The Edward Hopper-esque ‘50s setting works well with this particular story. It serves as a reminder of the racial segregation of that era: on the surface our lives may appear sugar-coated, but dig a little deeper and you’ll find a troubled society creating spurious hierarchies which, for many people, makes life unbearable.
Videogaming is the subject of the second episode Playtest. A slightly annoying but not particularly dislikeable American named Cooper lands in London after traveling around the world on the pretence of trying to find himself. One night at a bar he meets a potential love interest called Sonja. We soon learn all about Cooper’s troubled home life and what, exactly, he’s trying to escape from.
But after his bankcard is stolen and his account gets rinsed, Cooper finds himself in need of making a quick buck.
Sonja convinces him to apply for a job which is advertised on a mobile phone app that should’ve been called The Zombie Economy app. The role is taking part in a trial for a videogame which is experimenting with ground breaking technology. Cooper decides to go along with the idea and turns up to the gaming studio. After signing a waiver, a representative of the company inserts a chip into the back of Cooper’s neck. He then enters a virtual reality world which plays on his deepest fears.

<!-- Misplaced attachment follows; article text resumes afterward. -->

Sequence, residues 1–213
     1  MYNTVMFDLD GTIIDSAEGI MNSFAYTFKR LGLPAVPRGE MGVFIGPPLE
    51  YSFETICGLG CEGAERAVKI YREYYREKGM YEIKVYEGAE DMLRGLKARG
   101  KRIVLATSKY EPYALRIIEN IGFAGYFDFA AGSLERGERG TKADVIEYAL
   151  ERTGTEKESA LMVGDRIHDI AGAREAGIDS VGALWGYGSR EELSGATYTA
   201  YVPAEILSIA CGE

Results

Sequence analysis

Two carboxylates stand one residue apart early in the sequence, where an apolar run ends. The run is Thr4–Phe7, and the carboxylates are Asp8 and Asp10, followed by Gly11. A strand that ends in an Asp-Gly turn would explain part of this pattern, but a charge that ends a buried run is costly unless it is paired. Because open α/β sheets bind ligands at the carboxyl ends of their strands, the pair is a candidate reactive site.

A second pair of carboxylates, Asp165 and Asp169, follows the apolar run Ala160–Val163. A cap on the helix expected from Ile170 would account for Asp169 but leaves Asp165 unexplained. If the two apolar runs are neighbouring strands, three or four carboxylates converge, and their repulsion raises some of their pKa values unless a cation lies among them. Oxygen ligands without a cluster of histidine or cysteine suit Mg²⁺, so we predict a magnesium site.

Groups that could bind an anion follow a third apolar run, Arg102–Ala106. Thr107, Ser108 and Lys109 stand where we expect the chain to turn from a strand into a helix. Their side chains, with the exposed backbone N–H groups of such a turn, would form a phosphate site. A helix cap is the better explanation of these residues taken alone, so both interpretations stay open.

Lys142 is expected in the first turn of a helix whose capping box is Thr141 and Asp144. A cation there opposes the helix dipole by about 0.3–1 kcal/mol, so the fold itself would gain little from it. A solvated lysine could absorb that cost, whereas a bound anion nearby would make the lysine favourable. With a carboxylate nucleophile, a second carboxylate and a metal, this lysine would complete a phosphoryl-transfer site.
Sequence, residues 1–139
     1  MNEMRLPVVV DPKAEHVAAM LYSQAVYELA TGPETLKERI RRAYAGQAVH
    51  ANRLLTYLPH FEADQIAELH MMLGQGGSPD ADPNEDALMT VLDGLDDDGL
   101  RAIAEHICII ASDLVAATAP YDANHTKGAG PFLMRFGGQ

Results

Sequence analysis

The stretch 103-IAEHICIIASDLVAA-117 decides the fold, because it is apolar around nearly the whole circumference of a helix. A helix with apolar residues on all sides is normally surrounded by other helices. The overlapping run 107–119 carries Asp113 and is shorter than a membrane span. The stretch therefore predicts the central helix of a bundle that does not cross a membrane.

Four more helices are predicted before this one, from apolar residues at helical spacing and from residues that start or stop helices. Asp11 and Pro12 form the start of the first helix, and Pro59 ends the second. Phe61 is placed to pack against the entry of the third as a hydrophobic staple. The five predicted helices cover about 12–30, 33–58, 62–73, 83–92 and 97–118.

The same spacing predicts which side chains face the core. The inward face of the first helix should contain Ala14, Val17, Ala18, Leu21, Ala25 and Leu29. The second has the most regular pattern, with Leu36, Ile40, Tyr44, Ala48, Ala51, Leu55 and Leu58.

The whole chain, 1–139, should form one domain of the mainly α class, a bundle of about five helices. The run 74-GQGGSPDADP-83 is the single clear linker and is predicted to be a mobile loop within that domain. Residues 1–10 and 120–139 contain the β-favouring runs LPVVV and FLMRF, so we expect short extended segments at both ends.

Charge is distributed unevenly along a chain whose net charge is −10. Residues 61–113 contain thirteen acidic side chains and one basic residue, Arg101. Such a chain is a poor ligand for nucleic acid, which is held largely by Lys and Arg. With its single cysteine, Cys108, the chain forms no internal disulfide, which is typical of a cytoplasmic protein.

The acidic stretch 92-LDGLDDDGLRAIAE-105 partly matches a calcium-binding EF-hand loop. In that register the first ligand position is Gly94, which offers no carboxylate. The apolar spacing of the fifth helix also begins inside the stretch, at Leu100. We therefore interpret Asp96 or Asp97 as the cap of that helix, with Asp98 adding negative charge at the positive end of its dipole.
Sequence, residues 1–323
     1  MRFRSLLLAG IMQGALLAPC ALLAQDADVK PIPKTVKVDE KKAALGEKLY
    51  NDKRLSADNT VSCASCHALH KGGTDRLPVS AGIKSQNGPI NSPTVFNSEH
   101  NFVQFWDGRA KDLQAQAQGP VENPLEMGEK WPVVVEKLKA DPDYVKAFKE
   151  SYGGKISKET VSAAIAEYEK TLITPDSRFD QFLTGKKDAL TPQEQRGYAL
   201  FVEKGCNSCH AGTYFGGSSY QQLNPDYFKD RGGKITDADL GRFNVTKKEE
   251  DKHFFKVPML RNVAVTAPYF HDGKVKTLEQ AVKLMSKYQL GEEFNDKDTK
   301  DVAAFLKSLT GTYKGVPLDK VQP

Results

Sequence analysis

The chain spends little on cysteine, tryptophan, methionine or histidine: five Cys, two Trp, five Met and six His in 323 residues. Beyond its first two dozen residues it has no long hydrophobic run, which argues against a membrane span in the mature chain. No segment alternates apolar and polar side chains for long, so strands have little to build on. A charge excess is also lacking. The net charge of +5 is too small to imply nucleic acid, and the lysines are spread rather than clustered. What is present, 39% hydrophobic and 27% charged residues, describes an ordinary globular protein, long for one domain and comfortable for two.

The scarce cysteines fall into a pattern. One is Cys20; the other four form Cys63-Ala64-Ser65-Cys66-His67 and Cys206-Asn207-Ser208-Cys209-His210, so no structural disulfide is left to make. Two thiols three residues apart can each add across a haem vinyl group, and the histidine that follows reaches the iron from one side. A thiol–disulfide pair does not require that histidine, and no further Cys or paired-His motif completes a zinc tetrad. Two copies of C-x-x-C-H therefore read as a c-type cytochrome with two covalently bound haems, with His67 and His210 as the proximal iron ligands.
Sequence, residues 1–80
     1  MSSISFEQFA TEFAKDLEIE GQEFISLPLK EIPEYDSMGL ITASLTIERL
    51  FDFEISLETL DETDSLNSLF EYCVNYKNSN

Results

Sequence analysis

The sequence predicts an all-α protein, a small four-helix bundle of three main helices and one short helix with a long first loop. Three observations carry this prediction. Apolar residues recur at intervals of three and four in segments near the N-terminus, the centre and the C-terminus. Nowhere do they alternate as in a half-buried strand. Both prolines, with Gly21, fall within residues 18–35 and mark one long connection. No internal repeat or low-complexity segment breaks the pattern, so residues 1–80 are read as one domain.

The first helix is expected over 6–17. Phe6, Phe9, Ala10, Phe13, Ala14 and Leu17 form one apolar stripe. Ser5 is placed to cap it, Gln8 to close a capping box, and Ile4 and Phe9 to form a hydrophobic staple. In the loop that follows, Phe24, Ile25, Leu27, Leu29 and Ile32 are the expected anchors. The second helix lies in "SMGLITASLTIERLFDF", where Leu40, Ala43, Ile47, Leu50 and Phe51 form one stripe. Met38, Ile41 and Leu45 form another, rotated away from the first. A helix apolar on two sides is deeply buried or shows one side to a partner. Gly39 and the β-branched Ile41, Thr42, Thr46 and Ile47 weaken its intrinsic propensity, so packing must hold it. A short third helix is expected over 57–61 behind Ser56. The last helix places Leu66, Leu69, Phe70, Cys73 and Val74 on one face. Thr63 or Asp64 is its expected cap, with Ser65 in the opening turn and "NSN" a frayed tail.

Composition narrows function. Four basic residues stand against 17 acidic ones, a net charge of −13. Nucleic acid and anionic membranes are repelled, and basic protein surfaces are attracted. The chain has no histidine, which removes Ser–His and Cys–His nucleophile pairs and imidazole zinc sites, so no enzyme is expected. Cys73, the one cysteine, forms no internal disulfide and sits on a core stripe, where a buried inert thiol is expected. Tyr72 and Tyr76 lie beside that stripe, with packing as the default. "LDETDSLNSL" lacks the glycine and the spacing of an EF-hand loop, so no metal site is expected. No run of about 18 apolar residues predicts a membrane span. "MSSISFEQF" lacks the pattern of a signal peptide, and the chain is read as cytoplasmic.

If I didn’t know that Brooker is a fan of videogames then I would’ve tried reading between the lines in order to find a deeper meaning. However, this episode is really just every survival horror fan’s dream come true. In fact I’d hazard a guess that Playtest is an ode to the granddaddy of survival horror videogames Shinji Mikami and the excesses of The Evil Within; a videogame which takes violence and narrative to a whole new level.
Tough themes for tough times
Owing to the solid performances of Jerome Flynn and Alex Lawther, the third episode Shut Up and Dance is probably the strongest of the season. The key subject is internet shaming culture, a phenomenon previously highlighted by Jon Ronson whereby one moment’s stupidity can haunt otherwise decent people forever; not least because the internet serves as an unforgiving archive for everything we get up to—warts and all.